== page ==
Silicon Valley Community Foundation

SVCF’s mission is to channel the excess wealth flooding Silicon Valley into worthy, charitable causes around the world. One of the systems SVCF uses as a means of helping nonprofits all around the world is Donor Circles.

Each circle has its own focus or philanthropic cause. Currently, the Donor Circles include Donor Circle for the Environment, Donor Circle of the Arts, Donor Circle for Africa and Donor Circle for Safety Net.

Each Donor Circle consists of individuals interested specifically in the circle’s cause who wish to fund nonprofits in the given field that are in need of support.

For example, the Donor Circle for Africa “works with nonprofit groups and entrepreneurs in Africa whose projects demonstrate sustainable and affordable solutions for essential needs.” Since 2012, this Donor Circle has given out over $50,000-worth of grants.

For example, the Donor Circle for Africa “works with nonprofit groups and entrepreneurs in Africa whose projects demonstrate sustainable and affordable solutions for essential needs.” Since 2012, this Donor Circle has given out over $50,000-worth of grants.

Aside from these Donor Circles, the Silicon Valley Community Foundation also gives grants and scholarships to individuals.

On an individual level, two of the issues SVCF specializes in are immigration and education.

In a brief describing the work they do for immigrants in Silicon Valley, SVCF acknowledges a pervasive obstacle in immigrants’ successful assimilation: lack of access to educational resources and aid. The organization attributes immigrants’ difficulties in finding work to an “insufficient number of effective English-language learning, job training and legal services.”

In a San Francisco Chronicle article about SVCF, two recipients of Silicon Valley Community Foundation grants recount some of the challenges they faced as new immigrants. Ramon Alvarez, a 28-year-old Mexican-born immigrant, says that he used to fear interactions with native English speakers, but with the help of SVCF, now he will “talk to anyone.”

In a community with booming affluence, an organization like the Silicon Valley Community Foundation stands as a crucial mobilizer for the many causes that truly deserve the world’s attention.

Liz Pudel

Sources: SVCF 1, SVCF 2, SVCF 3, SVCF 4, San Francisco Chronicles

Photo: Wikimedia Commons,

cdaCDA Collaborative Learning Projects is a nonprofit organization dedicated to improving the effectiveness of international actors who provide humanitarian assistance.

Working off the premise that experience is a good teacher, CDA facilitates collaborative learning processes to analyze the experiences of international efforts.

With this vision comes a mission to encourage communities to engage in peace practice and to support sustainable development.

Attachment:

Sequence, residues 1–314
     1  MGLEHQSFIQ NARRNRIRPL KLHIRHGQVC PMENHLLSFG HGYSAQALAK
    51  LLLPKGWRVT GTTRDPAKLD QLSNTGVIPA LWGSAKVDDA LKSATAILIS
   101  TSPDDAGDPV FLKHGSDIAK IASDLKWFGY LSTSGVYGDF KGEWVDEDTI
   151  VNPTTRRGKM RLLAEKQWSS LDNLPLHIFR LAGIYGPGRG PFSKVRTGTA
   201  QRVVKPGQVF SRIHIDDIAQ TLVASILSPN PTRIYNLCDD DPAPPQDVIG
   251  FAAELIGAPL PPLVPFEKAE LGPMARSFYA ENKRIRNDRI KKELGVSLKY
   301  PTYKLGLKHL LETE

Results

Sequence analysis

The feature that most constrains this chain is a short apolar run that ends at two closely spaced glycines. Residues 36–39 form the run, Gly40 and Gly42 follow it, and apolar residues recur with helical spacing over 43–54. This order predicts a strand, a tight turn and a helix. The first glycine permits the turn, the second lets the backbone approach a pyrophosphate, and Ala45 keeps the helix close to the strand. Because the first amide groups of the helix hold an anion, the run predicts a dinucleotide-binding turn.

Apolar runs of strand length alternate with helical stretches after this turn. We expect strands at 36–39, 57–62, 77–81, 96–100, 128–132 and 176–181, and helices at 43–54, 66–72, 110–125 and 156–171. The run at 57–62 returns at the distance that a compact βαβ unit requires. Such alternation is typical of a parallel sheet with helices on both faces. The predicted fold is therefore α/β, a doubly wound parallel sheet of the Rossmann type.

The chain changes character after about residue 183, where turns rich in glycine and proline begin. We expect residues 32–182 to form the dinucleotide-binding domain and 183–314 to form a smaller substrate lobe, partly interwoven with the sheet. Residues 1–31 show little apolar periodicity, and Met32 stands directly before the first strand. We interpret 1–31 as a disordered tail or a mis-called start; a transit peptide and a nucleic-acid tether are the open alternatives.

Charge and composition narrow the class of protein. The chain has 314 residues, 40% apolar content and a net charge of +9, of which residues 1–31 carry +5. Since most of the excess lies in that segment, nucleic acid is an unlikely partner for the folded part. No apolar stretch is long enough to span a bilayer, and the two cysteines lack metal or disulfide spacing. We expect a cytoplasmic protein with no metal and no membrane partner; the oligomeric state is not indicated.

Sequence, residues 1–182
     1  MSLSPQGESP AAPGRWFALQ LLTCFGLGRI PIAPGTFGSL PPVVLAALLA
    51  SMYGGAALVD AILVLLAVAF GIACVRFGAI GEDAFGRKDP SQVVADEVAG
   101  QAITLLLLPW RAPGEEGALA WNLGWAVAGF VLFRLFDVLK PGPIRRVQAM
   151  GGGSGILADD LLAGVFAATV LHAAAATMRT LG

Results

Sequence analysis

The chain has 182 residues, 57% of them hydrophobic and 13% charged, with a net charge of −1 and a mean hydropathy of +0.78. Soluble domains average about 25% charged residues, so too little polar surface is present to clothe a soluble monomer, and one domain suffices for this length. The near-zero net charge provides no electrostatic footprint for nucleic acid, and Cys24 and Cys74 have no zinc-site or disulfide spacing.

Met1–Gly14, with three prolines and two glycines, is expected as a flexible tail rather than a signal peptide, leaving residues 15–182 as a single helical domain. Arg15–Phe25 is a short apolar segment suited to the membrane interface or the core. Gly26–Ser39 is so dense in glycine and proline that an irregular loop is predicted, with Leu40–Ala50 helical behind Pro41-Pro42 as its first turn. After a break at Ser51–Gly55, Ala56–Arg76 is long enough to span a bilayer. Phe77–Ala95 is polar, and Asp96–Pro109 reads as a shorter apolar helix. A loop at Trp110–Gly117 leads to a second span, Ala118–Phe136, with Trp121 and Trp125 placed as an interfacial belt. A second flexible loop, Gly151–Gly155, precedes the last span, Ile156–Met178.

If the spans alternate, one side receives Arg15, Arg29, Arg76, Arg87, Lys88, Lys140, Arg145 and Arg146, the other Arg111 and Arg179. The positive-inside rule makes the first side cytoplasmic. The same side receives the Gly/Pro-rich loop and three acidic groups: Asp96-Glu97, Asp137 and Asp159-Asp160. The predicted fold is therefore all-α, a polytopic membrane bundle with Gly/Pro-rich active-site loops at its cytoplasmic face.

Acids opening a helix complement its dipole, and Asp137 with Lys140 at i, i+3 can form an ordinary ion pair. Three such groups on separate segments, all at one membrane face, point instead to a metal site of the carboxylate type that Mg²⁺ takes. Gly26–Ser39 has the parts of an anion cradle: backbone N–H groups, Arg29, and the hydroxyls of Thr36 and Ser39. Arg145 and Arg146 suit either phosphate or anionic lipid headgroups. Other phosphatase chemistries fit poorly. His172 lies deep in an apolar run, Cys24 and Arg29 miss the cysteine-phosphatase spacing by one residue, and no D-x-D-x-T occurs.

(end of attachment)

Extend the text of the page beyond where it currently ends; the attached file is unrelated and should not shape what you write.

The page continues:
CDA works with agencies and organizations to identify patterns and lessons across different contexts in order to improve effectiveness. So far its core staff has worked in over 90 countries with local and international partners.

Below is the implementation process of these CDA lessons that often produces new focus questions for improving effectiveness:

Step 1: Development of Training and Awareness Materials

The findings from a collaborative learning process are translated into a form that can be used in different briefings, exposure workshops and extended training events in order to make such findings accessible to other field practitioners.

Step 2: Building Individual Capacity

CDA training programs work not only with organizations but also with individual practitioners to develop the skills needed to implement CDA lessons into their own practices. Mentoring can play a big role in this area when it comes to knowing how to apply specific tools surrounding the framework of a specific organizational setting.

Step 3: Organizational Accompaniment

CDA works directly with partner organizations to incorporate the tools and concepts from its lessons into their routines so that the tools and concepts become a day-to-day practice. This may require training and various forms of coaching to ensure sustainability.

Step 4: Support for Improved Program Design

CDA lessons often require changes in the ways that programs are designed. Thus, it works with partner agencies to promote improvements that will result in better quality programming through design and implementation.

Step 5: Monitoring Progress and Impacts

CDA works with its partners to track the implementation of its skills, tools and concepts gained from CDA programs. This feedback ultimately tells if the application of CDA materials makes a positive difference in the effectiveness of programming.

Step 6: Implications and New Questions

When everyone comes together to share their experiences, new focus questions arise that add to the learning processes — and the cycle repeats!

Since its launch, CDA has been grounded in field experience rather than following a specific theory or model and develops the above process through which organizations learn with each other rather than relying on their experiences alone.

CDA is currently home to the Corporate Engagement Program, the Do No Harm Program and other peace practice programs. For more information, please visit the CDA website at

Chelsee Yee

Sources: CDA Collarborative, ALNAP, Relief Web
Photo: Flickr